X, formerly known as Twitter, is testing a subscription plan called “Not a Bot” of $1 equivalent per annum in New Zealand and the Philippines. Those who don’t subscribe will still be able to log in to view content and follow other accounts, but won’t be able to interact through tweeting, liking, sharing or bookmarking content. The plan is limited to new accounts and only the browser version of the platform, as opposed to the mobile app.
As the name of the plan suggests, X has positioned Not a Bot as a means to deter bots. Bots are fake accounts running on automated scripts, usually created by malicious actors to spread fake news and drive advertising traffic. They are present in large numbers not just on X but also other platforms such as Facebook.
Bots have been a dominant theme since Musk took charge of Twitter a year ago. His troubled move to start charging for blue checkmarks was part of the same battle, while he also previously tried to get out of buying the company on the grounds that the previous board hadn’t been clear with him about bot levels. Introducing a broader system of charges to tackle bots is a bold move, but there’s a good chance it will only make the company’s problems worse.
The bot arms race
Ever since the Musk takeover, X’s financial woes seem to have only increased. Despite aggressive layoffs of thousands of employees and a sharp reduction in server capacity, the company has yet to reach positive cashflow (though new CEO Linda Yaccarino has said breakeven is close). This is because its revenues have shrunk as fast, falling approximately 59% in the year to May as advertisers have exited due to increased hate speech and ads featuring things like online gambling and marijuana products. This, combined with the increased debt burden from the takeover, has put X under serious pressure to achieve a turnaround.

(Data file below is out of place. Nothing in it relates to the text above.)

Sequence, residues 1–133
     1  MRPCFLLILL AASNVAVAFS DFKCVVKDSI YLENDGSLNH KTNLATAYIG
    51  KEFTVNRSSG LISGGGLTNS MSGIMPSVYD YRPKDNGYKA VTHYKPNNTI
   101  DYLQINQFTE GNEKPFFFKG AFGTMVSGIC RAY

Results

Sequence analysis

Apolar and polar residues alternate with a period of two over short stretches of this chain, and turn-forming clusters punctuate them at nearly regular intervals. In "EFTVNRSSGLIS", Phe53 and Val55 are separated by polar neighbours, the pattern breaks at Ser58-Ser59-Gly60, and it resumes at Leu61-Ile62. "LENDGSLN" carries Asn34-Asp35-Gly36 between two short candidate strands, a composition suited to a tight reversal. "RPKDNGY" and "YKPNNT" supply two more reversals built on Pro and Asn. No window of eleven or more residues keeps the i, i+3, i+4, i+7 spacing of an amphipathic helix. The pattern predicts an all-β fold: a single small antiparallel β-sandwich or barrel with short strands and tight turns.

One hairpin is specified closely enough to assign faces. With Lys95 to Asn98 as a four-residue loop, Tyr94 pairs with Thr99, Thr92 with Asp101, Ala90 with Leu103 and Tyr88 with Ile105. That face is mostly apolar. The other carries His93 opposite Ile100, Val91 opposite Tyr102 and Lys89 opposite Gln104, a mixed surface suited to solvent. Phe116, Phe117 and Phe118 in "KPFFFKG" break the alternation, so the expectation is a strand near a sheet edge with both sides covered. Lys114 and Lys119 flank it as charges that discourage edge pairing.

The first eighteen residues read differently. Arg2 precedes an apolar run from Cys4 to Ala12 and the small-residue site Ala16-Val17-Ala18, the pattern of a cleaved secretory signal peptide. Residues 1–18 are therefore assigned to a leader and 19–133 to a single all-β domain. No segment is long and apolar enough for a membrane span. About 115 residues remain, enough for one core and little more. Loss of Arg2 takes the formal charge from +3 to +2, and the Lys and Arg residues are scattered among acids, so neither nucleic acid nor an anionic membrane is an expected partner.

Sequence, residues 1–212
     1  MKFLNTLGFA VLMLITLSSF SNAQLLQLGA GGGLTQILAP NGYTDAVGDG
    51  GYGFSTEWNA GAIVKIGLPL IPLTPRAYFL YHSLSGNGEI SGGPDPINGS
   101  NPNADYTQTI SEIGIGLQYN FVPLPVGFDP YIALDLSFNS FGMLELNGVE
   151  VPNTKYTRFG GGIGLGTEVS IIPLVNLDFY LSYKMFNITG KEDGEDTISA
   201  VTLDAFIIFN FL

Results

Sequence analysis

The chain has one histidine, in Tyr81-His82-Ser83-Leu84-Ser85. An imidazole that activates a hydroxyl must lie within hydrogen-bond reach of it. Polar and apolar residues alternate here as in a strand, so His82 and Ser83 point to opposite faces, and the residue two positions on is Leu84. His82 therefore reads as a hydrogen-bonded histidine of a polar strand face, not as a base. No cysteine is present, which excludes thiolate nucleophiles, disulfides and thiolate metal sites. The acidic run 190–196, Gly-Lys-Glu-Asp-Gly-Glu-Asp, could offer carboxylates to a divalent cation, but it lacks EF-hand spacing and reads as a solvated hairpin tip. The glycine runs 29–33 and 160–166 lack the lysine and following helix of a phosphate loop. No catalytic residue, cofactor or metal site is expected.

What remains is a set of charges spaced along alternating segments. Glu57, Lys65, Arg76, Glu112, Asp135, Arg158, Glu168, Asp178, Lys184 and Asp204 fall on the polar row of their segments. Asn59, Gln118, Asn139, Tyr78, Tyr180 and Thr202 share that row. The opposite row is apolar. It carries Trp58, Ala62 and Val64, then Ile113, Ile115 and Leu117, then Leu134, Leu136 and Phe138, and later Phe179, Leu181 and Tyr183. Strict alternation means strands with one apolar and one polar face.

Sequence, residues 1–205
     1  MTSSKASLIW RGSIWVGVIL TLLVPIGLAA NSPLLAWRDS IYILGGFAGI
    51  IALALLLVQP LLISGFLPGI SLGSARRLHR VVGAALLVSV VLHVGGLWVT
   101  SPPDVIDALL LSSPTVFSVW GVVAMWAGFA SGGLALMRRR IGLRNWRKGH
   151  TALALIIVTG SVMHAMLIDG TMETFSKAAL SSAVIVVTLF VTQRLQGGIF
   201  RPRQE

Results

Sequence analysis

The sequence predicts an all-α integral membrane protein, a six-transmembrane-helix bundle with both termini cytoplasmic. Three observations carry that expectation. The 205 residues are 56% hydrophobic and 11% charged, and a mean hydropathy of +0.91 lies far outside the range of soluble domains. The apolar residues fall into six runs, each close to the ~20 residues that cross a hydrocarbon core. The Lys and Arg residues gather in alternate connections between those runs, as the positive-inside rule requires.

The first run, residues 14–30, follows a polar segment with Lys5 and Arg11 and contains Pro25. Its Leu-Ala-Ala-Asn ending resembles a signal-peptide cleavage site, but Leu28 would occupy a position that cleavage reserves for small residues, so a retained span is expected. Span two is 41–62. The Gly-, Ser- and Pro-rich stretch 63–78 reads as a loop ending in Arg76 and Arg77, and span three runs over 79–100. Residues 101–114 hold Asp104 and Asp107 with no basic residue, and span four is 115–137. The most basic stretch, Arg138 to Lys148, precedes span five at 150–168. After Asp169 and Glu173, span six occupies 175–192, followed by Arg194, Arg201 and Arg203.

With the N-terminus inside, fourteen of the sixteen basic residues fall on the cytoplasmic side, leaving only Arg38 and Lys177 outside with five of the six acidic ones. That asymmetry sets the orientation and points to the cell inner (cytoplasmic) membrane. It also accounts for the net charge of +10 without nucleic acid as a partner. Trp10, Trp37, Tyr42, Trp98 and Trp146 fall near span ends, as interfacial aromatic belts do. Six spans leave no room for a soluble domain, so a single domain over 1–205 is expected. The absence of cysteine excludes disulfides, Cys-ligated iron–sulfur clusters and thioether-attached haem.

Internet companies have long been in an arms race with bot makers. Every time they implement a new means of detecting fake accounts, bot makers find ways of countering them. Older bot-detection algorithms sought to purge internet platforms using machine learning and searching for unusual language patterns, but weren’t particularly successful.
Things have gotten worse with the rise of generative AI. It has literally changed the face of fake news, videos and images, reducing the ability to detect bots either through algorithms or even human moderators.
Musk’s $1/year proposal represents a different approach. The main problem is bot farms, where thousands of accounts are created and then run on different social media platforms via large servers. This makes it possible through economies of scale to create a bot account for a fraction of a penny, according to Musk. By charging new X accounts, it will become much more expensive for bot farms to achieve the scale needed to be profitable.
Restricting the charge only to the browser version of X will hurt them the most: whereas the mobile app only allows a single account login at a time, bot accounts need multiple logins on different browser windows running on the same machine to be useful.